Hartford, Connecticut, Daily Courant [Whig]
(16 May 1854)
As their name implies, compromises are settlements of difficulties by
Each side gives up to the other something upon which it had insisted,
often with much zeal.
Of course no compromise is entirely acceptable to those who form it.
Neither side has obtained that for which it had been contending, having
mutually given away on some points, and therefore neither side feels satisfied
The violent leaders of both parties who have carried on
the controversy are the first to complain.
Moderate men have stepped in with moderate
councils and, having prevailed, are looked up to as leaders.
But as time goes on, especially where equal and mutual concessions have
been made, the compromise, as first only acquiesced in, becomes a part of the
policy of the nation and is considered every year as more sacred, until
practice under it makes it to be considered as a permanent and unalterable
Such was the feeling of the Whig party at the
North at the Compromise Measures of 1850.
-- Many of the concessions which they made to the South were
exceedingly distasteful to them.
They opposed them bitterly at first, but finally acquiesced in them
because they were Compromises, dependent on mutual
Besides, the Whig party is not a party of a
They have more than one object in view as a National Party.
-- These objects are as important, in their estimation, to the prosperity
of the nation as the subject of slavery on which the compromises were made.
-- The Whigs of the
North are as much opposed to the extension of the area of
slavery, as any other set of men.
But they are a party of principles, not of a principle, and they feel
that other things are to be contended for in consulting the good of the whole
On this account, they submitted to the compromises of
Such was the feeling of the North at the Compromise of
A concession had been made.
-- Many of them were opposed to it.
But, being a concession on their side, and having received what was
considered an equivalent concession on the part of the South,
their opposition soon died away and they acquiesced in it and proceeded to act
in good faith under it.
Such was the feeling of the whole nation at that greatest Compromise
Measure of all -- the Constitution of the United States -- here,
mutual concessions and mutual forbearance were necessary and were practised,
and the nation prospered under them.
No Confederacy can exist without Compromises and concessions.
Two antagonistic parties -- we mean, antagonistic in one point -- must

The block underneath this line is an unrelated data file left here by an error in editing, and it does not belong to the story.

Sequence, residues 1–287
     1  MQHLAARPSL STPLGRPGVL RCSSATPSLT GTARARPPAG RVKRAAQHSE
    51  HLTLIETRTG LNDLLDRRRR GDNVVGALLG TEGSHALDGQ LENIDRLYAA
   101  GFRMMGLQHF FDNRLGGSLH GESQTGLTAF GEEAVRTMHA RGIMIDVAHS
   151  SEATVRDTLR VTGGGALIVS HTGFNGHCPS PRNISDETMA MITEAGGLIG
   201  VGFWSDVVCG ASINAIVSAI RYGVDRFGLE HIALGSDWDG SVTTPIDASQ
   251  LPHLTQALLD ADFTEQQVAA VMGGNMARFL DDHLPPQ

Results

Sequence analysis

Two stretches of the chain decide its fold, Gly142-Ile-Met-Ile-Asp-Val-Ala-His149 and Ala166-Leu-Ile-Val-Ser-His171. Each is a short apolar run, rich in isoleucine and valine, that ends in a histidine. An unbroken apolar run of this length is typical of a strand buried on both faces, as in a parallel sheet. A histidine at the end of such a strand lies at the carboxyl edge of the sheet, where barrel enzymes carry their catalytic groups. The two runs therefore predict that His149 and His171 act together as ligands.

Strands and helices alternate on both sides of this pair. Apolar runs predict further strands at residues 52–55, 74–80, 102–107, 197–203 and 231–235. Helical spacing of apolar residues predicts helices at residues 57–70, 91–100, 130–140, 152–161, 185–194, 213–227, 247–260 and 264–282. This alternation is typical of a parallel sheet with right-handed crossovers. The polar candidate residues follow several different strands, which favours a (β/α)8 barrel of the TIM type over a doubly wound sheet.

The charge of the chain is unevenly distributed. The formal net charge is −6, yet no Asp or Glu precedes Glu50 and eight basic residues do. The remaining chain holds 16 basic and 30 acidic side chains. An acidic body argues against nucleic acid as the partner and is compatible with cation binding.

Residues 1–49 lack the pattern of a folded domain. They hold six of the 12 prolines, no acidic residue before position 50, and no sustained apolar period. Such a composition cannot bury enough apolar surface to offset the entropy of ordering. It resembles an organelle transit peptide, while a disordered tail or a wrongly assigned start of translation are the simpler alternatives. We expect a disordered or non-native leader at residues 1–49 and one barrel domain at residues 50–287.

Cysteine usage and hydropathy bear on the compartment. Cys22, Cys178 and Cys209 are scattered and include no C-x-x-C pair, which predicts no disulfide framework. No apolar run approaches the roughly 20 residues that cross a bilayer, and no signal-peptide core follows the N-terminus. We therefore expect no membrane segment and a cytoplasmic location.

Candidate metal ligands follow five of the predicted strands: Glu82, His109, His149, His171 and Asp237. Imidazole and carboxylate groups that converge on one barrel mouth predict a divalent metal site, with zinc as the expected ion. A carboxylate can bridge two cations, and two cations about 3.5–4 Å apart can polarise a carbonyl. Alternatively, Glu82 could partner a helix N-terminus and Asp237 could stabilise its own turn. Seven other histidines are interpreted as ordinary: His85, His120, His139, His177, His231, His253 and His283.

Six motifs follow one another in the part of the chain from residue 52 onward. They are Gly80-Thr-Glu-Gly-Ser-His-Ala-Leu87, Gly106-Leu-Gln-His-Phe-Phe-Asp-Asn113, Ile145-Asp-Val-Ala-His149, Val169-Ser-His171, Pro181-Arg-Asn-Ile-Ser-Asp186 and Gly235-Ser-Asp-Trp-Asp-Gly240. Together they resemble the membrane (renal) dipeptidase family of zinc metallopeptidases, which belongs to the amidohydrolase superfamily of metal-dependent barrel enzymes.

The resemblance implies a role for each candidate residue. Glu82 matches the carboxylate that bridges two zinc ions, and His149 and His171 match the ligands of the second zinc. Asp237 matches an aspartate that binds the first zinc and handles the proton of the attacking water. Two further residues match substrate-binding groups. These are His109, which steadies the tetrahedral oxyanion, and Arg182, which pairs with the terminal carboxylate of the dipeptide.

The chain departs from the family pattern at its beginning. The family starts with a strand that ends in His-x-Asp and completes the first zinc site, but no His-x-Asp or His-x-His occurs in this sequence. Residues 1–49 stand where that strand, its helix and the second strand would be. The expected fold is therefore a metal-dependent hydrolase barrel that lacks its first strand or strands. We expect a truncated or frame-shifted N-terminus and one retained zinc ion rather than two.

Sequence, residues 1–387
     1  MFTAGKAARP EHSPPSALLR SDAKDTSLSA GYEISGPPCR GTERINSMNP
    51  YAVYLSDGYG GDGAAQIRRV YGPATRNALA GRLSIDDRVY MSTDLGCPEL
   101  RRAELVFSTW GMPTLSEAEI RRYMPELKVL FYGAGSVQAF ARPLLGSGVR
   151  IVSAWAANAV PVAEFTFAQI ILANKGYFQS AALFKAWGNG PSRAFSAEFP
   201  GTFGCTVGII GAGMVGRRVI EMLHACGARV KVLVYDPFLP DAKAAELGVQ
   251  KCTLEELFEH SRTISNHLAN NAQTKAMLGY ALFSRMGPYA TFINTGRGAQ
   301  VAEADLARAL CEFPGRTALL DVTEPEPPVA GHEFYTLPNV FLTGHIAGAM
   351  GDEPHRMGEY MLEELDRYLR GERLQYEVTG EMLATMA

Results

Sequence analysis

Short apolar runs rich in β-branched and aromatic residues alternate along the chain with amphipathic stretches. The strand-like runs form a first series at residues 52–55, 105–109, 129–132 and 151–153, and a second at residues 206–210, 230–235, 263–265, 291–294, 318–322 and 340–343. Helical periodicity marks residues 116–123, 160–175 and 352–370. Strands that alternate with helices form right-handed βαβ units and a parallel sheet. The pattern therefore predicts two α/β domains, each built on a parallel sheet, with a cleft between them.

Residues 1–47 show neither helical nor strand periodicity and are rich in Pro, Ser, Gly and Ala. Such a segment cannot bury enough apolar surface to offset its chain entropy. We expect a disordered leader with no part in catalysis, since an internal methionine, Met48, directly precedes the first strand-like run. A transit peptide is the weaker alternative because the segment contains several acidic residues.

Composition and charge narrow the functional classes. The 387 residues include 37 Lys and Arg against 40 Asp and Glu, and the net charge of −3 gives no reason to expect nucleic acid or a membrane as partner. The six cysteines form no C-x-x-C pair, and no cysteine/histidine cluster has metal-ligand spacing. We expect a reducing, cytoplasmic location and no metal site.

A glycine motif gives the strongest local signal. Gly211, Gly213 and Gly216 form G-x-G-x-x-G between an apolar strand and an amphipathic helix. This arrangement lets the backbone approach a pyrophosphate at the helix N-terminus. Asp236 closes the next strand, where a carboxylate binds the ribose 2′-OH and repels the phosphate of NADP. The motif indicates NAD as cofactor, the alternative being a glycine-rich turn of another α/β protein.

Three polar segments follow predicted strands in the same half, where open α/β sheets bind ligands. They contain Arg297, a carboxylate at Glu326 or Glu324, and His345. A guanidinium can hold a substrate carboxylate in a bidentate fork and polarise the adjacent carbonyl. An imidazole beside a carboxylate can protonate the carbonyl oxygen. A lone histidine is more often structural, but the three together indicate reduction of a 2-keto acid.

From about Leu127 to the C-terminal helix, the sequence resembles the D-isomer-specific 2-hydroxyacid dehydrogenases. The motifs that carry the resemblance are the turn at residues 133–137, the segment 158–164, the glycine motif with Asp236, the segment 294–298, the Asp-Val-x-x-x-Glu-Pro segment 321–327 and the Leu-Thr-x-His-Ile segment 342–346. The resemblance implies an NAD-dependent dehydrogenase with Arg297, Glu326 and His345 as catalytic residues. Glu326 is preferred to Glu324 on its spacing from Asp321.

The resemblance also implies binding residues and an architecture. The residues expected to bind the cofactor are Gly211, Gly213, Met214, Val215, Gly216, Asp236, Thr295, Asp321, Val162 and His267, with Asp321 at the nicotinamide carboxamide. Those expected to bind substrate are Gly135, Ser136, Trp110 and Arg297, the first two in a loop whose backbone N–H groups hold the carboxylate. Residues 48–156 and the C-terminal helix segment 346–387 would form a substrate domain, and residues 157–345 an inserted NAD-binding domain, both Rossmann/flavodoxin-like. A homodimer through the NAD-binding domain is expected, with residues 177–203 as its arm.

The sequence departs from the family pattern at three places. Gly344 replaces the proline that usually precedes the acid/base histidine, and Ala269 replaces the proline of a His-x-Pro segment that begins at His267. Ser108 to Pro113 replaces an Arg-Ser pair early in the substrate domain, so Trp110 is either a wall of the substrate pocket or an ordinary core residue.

make mutual concessions on that one point if they intend live peaceably
Such has been the principle on which our Government has been carried
Without it, we should have been an insignificant collection of independent
states with no power or importance.
Under those compromises between the North and
South, on that point on which they are antagonistic, the nation
has prospered and has been kept united.
A dark spot now arises in the history of our country.
The South, having elected a Northern President devoted to
their interests who is supported by a section of the North equally
devoted to their interests, have stept over the boundary of the Compromises and
insist upon the abrogation of that of 1820, by which a violent contest was
They have obtained their share of the benefits of this Compromise and now
demand of us to relinquish ours.
By so doing they have aroused a sprit which will not easily be quieted.
This movement has shown that there can be no faith kept by them -- and
that no terms of contract and no compromise are felt binding upon them when
they can be changed by a vote of Congress or bullied out of the
The consequences arising from this movement are, that the whole slavery
agitation has been reopened by the South themselves and what the
end will be no one can predict; that the North are aroused up to a
more determinate resistance to the extension of the area of slavery, than they
have ever before been, being chained down by what appeared to them was a
sacred compact; that no future Compromise can ever be made between the two
antagonistic parties, for the North can never
place confidence in the declarations or agreements of men who would uphold the
violation of the Missouri Compromise; and that there is
danger not only of the loss of the Compromise measures of 1850,
but of the still greater Compromise of the Constitution.
The voluntary destruction of one of these compacts by the
South will weaken the obligatory force of the rest on the minds of
We fear lest the vote on the Nebraska bill will prove "the
beginning of the end" of the permanency of the American confederation.
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